Jonny Rogers breaks down an alarming new study on humanity’s impact on the planet, exploring how we got here and where we might be going.
Photo by Patrick Tomasso
At the beginning of the 20th century, the Earth’s total anthropogenic mass – the mass of man-made objects, buildings and infrastructure – was equal to around 3% of its biomass – that of plants, humans and animals. However, according to research from the Weizmann Institute of Science in Rehovot, the former will likely have surpassed the latter by the end of this year.
Over the past few decades, scientists and environmentalists have campaigned to name our current geological epoch the ‘Anthropocene’, arguing that humanity has become the dominant force in determining the shape, life and climate of this planet – a title perhaps more relevant now than ever. As Professor Ron Milo declares, "our global footprint has expanded beyond our ‘shoe size.’"
"Given the empirical evidence on the accumulated mass of human artifacts, we can no longer deny our central role in the natural world." – Researchers Emily Elhacham and Ron Milo, Anthropomass.org
How Did We Get Here?
Since the First Agricultural Revolution around 10,000 years ago, which marked the point at which agriculture and animal domestication became the primary means of subsistence for humanity (rather than hunting or foraging), we have roughly halved the total mass of plants on the Earth. As incremental developments in technology and medicine increased our life expectancy over the following millennia, the total human population grew exponentially, reaching 1 billion in the early 1800s, and 7 billion in 2011.
The mass production of concrete and asphalt boomed after World War II, when developed countries rebuilt both their ideological and physical infrastructure in the wake of political and technological changes. Architecture began to reflect the pressure of growing populations, with the concrete-faced Brutalist movement championing the development of utilitarian, low-cost social housing and civil architecture throughout Britain and Europe.
As cities expanded and patterns of consumption changed, motorways and freeways spread across the world throughout the twentieth century; the total amount of road vehicles surpassed 1 billion in the past couple of decades. The total mass of buildings and roads is estimated to constitute around 1.1 billion tonnes, which exceeds the Earth’s 0.9 billion tonnes of trees and shrubs.
The recent study also estimates that humanity currently produces at least as much material as the combined bodyweight of every person each week, with our total anthropogenic mass doubling every 20 years as the global population continues to grow. The majority of this material is concrete, though significant contributors include asphalt, gravel, bricks, metals and, of course, our many disposable products. The amount of plastic on the planet alone is twice the combined mass of all land and marine creatures.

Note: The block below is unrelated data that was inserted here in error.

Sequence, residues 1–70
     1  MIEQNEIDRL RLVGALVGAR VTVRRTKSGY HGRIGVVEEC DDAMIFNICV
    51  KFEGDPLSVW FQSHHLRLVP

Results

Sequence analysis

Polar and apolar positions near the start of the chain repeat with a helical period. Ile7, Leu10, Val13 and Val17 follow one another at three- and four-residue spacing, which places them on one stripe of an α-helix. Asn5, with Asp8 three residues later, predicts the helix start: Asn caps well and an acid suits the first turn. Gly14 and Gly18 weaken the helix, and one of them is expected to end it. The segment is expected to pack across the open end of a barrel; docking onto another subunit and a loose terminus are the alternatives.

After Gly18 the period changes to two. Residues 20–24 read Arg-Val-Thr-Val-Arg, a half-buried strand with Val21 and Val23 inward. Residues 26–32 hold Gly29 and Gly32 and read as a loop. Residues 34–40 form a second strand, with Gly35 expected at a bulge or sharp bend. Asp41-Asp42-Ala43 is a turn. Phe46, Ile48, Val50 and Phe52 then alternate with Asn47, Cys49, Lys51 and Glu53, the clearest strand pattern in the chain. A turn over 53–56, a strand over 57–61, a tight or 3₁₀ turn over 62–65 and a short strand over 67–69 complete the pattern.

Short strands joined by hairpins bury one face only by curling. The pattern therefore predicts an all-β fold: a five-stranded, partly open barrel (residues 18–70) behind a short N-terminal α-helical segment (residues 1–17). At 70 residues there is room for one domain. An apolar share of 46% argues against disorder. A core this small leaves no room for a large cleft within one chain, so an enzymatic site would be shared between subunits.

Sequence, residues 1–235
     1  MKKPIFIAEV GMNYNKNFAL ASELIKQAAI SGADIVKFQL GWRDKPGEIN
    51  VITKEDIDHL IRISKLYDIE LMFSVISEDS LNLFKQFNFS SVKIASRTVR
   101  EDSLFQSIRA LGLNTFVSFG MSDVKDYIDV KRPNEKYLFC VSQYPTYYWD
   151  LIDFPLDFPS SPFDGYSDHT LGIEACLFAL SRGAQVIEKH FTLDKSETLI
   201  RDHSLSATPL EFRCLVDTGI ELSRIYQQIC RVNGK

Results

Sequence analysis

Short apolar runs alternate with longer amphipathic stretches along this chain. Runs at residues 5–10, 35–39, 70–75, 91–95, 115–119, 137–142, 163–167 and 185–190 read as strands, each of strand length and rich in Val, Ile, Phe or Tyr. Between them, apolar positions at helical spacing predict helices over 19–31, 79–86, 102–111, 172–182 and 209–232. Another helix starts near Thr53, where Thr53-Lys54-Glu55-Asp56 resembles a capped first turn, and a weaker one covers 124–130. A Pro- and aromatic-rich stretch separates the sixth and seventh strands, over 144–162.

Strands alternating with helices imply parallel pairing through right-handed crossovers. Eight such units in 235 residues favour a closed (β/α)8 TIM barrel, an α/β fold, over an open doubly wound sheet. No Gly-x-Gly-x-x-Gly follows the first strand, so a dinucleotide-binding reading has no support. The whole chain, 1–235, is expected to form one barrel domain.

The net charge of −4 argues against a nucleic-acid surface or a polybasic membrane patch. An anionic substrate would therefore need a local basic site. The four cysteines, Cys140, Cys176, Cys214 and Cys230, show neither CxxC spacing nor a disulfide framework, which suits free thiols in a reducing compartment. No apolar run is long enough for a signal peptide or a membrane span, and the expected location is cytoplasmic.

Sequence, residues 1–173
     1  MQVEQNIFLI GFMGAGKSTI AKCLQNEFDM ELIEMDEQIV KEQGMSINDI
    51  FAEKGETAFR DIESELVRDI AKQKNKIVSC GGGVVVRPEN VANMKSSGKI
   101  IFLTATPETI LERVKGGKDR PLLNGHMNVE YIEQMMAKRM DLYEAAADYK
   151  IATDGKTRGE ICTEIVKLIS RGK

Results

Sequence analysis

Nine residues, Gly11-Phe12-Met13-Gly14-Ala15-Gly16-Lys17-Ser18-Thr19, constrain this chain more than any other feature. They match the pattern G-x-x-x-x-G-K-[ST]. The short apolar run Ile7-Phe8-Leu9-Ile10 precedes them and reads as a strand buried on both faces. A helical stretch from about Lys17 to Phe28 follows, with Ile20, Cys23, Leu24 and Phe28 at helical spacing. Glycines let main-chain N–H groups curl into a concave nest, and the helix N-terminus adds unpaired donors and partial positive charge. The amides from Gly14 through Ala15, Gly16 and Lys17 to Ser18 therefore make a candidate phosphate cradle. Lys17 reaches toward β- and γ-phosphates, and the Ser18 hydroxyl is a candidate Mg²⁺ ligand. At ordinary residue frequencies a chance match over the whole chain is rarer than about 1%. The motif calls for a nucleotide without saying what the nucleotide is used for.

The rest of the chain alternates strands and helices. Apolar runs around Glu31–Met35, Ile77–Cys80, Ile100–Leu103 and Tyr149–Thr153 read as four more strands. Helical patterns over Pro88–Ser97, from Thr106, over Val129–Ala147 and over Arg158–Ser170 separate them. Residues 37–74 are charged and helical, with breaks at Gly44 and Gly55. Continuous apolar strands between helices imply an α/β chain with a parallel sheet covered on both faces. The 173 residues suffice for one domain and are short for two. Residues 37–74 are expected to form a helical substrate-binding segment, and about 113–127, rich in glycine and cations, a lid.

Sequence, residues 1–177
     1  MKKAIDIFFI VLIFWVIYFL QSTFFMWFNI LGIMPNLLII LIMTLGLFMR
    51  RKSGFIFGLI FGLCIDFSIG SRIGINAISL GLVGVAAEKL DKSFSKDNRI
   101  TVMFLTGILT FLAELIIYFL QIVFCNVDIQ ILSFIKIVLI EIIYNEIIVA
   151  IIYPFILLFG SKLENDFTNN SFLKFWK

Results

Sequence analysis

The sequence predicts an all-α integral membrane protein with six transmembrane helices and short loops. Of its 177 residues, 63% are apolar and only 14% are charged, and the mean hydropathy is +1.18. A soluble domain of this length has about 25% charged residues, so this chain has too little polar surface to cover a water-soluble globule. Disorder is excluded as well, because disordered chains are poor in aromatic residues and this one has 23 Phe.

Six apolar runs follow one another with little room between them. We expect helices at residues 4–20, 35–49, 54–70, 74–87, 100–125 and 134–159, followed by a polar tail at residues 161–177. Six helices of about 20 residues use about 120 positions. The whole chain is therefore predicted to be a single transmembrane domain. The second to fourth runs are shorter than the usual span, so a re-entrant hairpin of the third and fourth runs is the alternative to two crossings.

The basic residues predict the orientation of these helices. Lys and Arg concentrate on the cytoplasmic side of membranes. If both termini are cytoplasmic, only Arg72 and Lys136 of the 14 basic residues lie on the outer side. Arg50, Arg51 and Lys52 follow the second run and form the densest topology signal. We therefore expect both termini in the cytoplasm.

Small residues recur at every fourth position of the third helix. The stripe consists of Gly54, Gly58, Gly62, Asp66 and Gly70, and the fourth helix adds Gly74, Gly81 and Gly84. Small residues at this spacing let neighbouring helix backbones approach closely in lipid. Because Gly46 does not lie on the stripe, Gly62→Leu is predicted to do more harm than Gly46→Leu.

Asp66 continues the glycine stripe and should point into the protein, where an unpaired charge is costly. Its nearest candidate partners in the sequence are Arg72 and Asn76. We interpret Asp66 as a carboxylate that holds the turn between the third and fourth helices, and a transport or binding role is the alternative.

Similar studies have shown that the weight of the Earth’s ‘Technosphere’, which in addition to buildings and products also accounts for the land and seafloor that has been modified through human activity, came to a total of 30 trillion tonnes (compared to the 1.1 trillion tonnes of living matter).
A Call to Action
If human activity continues on its current trajectory, our anthropogenic mass will surpass three times the world’s total biomass by 2040. Although this is alarming in itself, it will likely prove even more problematic for future generations. As Fridolin Krausmann from the University of Natural Resources and Life Sciences claims, the next 20 years will see the production of as much waste as the previous 110 years combined.
This data is, of course, impossible to measure with objective precision, not least because it is unclear what should count as anthropogenic or biomass. For example, it has been argued that including only the mass of goods fails to take into account the amount of material processed or moved through mining. In addition, the study does not consider the Earth’s ‘wet-mass’ or waste, as this is more difficult to determine.
Nevertheless, the findings reveal the undeniable scale of impact of human activity over the past couple of centuries:
"I’m sure the numbers can be shifted by different statistics [...] But given the scale of the difference between the early 20th century, mid- and late-20th century, and now, early 21st century, it’s hard to see how the pattern can be shifted." – Jan Zalasiewicz, Emeritus Professor of Palaeobiology at the University of Leicester
The researchers at the Weizmann Institute of Science hope that their study will provoke citizens and governments alike into taking radical and effective action to behave more responsibly. After all, it’s only the end of the world at stake.
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